The way I fix this is to build up the diff with a smear of “T Cut” car body restorer temporarily used in place of the silicone grease. T Cut is a light abrasive liquid suspension. Apply this to the thrust rings and the balls but do not get any in the centre ball race that locates the spur on the axle (or anywhere else other than the balls and thrust rings).

Lightly tighten the diff, just enough to get some diff action. It is going to feel a bit nasty… it’s full of T Cut! Now start to work the diff by hand for a few minutes. Force the spur gear around a few times against the action of the diff. While you do all of this, the T Cut abrasive is causing the ceramic balls to form a fine groove in the thrust rings. The surface area of the ball to ring contact patch is being ground in and increased.

Photo above shows ground ring contact patch.

After 5 mins of working the diff by hand, strip it down and clean out all of the T Cut. You need to remove the balls and wash out every trace of T Cut . Degrease the balls, rings and spur gear with motor cleaner. Rebuild the diff with a fine smear of silicone diff grease on the thrust rings and try it again by hand. You should now be able to achieve acceptable diff “grip” with much less thrust tension.

3. The Outer Bearing is the Weak Point

Now… the standard diff balls you get in the kit tend work well from the start, the ceramic balls may need to be “ground in” (above) but once prepared, they will last you all year. Either way, when your diff gets rough it is generally not the balls or thrust rings that are at fault. The most common reason for bad diff action is the failure of the outer bearing located in the diff hub.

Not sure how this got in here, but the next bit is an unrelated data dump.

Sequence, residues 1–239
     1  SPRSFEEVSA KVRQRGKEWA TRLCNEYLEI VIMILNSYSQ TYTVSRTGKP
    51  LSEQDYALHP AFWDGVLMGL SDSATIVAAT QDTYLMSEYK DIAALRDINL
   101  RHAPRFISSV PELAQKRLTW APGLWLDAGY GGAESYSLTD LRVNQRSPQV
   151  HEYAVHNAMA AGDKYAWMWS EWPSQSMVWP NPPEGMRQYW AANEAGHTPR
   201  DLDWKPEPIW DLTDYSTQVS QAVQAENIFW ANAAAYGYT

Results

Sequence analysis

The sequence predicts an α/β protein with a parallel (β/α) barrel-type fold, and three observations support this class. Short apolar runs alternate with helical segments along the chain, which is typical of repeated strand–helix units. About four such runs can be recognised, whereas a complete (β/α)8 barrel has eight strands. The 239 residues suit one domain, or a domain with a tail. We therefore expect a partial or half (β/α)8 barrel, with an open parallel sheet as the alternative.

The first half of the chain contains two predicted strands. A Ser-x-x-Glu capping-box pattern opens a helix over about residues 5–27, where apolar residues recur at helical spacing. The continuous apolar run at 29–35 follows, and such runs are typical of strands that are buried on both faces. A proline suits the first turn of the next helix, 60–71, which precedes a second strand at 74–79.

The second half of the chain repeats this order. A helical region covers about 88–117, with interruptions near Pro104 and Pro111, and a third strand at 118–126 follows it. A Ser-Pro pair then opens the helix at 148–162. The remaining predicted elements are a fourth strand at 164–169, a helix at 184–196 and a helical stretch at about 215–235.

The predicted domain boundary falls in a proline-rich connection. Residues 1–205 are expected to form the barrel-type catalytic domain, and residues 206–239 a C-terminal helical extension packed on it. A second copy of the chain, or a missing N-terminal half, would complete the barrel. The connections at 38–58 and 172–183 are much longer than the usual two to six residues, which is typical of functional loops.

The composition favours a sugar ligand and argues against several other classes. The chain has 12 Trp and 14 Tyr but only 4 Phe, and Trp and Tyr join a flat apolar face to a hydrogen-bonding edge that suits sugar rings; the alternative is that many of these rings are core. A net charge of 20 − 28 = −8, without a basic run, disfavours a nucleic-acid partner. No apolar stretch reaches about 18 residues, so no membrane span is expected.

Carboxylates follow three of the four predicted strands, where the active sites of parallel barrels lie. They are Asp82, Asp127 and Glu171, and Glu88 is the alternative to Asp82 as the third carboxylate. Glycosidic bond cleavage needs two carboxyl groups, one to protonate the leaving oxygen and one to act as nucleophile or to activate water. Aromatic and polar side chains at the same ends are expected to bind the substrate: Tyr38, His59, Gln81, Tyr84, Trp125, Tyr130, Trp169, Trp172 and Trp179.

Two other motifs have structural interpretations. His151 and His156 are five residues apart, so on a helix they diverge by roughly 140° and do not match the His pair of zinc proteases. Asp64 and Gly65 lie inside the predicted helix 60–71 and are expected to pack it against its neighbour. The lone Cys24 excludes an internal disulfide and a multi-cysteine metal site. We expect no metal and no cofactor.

As we tighten the diff, the thrust load is applied to the balls and rings via the outer hub bearing. This bearing was never designed to take this kind of lateral force. This misuse is bad enough but it is made worse when you hit the boards with your rear wheels and send a shock load to the already compromised and stressed bearing.

My advice is to use a ceramic bearing on the outside of the hub, again from see

I have found that my diffs build up smoother and last for longer using this bearing. Unfortunately you will still have to change the bearing out every forth meeting or so to preserve optimum diff action. If you take a big hit on the rear axle, the outer bearing can still fail at any point, even if you do use a ceramic.

I was around when Cecil Schumacher invented the ball differential (yep I’m getting on a bit ;-) This was at a time when 1/12th scale was the only electric racing class. The original Schumacher ball diff used a thrust race on the inside of the wheel and did not place any lateral loads on any bearings (hmmm to be honest I don’t think it had any bearings!).

Slapmaster Thrust Race Fitted (more later!)

Next I would like to review the Slapmaster Tools thrust race that can be added to the Associated type diffs that we all use today. This upgrade removes the lateral load on the outer hub bearing and creates a diff that will last “forever” (apperently!). More on this later, I hope to test this part at our UK worlds warm up meeting and I will report back.